Spokane Fire Department Commends Additional Safety Measure of AEDs at Rosauers Supermarket Properties

Jamie McIntyre, Community Risk Reduction Manager, 509-435-7058

Tuesday, December 8, 2020 at 12:06 p.m.

Rosauers Supermarkets, Inc., a Spokane based grocery chain, is introducing new safety technology to its stores in an on-going effort to safeguard and preserve the health of its customers and employees. 

On 23 November 2020, Rosauers began deploying Automated External Defibrillators or AEDs in all store locations in the Spokane area. An AED is used to help those experiencing sudden cardiac arrest. This sophisticated medical device is easy to use and can analyze the heart’s rhythm and deliver an electrical shock to help the heart re-establish an effective rhythm, if necessary. 

The City of Spokane Fire Department acknowledges the important role public access defibrillator programs play in potentially saving lives. “Early defibrillation saves lives in sudden cardiac arrest” stated Captain Mike Dawson, Medical Services Officer with the Spokane Fire Department. Spokane Fire commends Rosauers for making a significant corporate commitment to the wellness of the people in our city.

“At a time when we are all taking additional safety measures to stay healthy during this global pandemic, we believe providing AEDs in our stores is one more step Rosauers can take to protect our customers, community members and employees. Sudden cardiac arrest is one of the leading causes of death in the United States, and it can happen to anyone at any time. Having easy access to an AED can help avoid a tragic situation,” said Rosauers President and CEO Jeff Philipps. “Time is of the essence for emergencies like cardiac arrest. By providing stores direct access to these devices, if a critical situation occurs, quick action can be taken, until first responders can arrive.”

Rosauers will also enroll and participate in the nation-wide PulsePoint Response program, which empowers CPR trained citizens to help improve patient outcomes and save lives by reducing collapse-to-CPR and collapse-to-defibrillation times by identifying AED devices closest to cardiac events. Additionally, PulsePoint Response notifies verified first responders in the immediate area, simultaneously with conventional Fire /EMS response of a time sensitive emergency like cardiac arrest enabling critical life sustaining BLS interventions to begin sooner and with potentially greater success.

“Through PulsePoint, verified first responders will be made aware of the location of these potentially lifesaving devices in the event of a cardiac incident. Now verified first responders will have one more tool in their tool kit” Captain Dawson, Spokane Fire Department continued.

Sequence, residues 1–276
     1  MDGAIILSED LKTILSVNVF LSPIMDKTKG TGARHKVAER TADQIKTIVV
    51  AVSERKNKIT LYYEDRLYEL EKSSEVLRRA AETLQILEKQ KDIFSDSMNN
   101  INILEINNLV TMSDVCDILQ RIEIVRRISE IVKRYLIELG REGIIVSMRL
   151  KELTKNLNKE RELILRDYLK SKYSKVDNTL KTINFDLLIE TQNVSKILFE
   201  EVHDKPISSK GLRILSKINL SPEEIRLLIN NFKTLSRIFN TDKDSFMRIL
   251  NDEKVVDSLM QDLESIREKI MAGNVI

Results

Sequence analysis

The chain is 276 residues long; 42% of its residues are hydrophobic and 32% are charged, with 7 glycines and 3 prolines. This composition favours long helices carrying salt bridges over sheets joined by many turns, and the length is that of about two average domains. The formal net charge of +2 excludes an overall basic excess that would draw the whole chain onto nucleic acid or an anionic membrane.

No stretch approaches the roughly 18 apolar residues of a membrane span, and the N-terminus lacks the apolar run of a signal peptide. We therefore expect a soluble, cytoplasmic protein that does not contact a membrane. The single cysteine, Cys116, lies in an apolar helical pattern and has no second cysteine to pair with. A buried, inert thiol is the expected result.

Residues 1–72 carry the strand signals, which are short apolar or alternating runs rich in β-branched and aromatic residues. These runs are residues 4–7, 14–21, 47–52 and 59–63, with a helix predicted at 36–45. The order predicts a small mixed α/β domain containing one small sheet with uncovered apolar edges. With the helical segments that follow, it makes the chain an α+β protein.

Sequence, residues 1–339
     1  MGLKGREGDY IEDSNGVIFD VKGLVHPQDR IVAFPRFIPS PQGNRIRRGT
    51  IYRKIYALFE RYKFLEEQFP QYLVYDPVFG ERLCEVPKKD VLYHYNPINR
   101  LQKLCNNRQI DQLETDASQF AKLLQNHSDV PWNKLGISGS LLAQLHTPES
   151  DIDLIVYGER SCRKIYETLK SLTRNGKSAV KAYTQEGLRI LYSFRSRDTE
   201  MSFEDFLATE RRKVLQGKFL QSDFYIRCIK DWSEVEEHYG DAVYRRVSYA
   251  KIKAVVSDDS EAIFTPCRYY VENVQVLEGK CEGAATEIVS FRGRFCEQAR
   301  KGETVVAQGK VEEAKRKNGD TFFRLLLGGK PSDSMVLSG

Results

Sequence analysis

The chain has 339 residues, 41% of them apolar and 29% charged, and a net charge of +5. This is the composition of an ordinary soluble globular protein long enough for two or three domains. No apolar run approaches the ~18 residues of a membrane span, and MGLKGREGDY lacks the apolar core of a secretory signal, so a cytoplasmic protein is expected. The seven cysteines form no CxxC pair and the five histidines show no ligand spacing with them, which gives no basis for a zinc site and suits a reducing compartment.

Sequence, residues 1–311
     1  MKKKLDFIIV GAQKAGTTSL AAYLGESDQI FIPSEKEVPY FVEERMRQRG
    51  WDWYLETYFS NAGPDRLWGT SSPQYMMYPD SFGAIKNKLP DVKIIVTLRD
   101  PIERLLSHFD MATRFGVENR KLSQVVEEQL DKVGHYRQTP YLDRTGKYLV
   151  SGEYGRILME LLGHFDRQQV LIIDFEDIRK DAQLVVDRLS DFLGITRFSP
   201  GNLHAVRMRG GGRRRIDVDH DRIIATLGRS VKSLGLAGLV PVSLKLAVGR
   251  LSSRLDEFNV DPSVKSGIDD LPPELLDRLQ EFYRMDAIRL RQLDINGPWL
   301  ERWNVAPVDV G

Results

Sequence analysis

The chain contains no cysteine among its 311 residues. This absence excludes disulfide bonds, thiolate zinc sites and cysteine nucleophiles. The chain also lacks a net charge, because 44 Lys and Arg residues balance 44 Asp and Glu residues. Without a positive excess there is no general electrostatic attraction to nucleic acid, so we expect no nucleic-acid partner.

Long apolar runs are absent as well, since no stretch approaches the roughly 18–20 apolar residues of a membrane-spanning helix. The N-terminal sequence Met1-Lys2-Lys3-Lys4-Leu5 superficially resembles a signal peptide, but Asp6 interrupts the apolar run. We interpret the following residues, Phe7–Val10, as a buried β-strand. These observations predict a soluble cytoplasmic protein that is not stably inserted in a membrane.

A total of 11 AEDs will be initially deployed to 8 Rosauers locations in Spokane and Suncrest, Washington, Bozeman, Montana and the Corporate Office. Employees will undergo training so they are familiar with how to use the devices, should the need arise.


About the PulsePoint Foundation

PulsePoint is a 501(c)(3) public non-profit foundation based in the San Francisco Bay Area. Through the use of location-aware mobile devices, PulsePoint is building applications that work with local public safety agencies to improve communications with citizens and professional emergency responders, increase civic engagement and engage the community to help reduce the millions of annual deaths from sudden cardiac arrest. Learn more at pulsepoint.org. The free app is available for download on iTunes and Google Play.

About Sudden Cardiac Arrest

Although a heart attack can lead to sudden cardiac arrest (SCA), the two are not the same. SCA is when the heart malfunctions and suddenly stops beating unexpectedly, whereas a heart attack is when blood flow to the heart is blocked, but the heart continues to beat. Each year, more than 326,000 out-of-hospital cardiac arrests occur, making it the leading cause of death in the United States. Survival rates nationally for SCA are less than eight percent, but delivery of CPR can sustain life until paramedics arrive by maintaining vital blood flow to the heart and brain. However, only about a third of SCA victims receive bystander CPR. Without CPR, brain damage or death can occur in minutes. The average EMS response time is nine minutes, even in urban settings; after 10 minutes there is little chance of successful resuscitation. The American Heart Association estimates that effective bystander CPR, provided immediately after SCA, can double or triple a person’s chance of survival.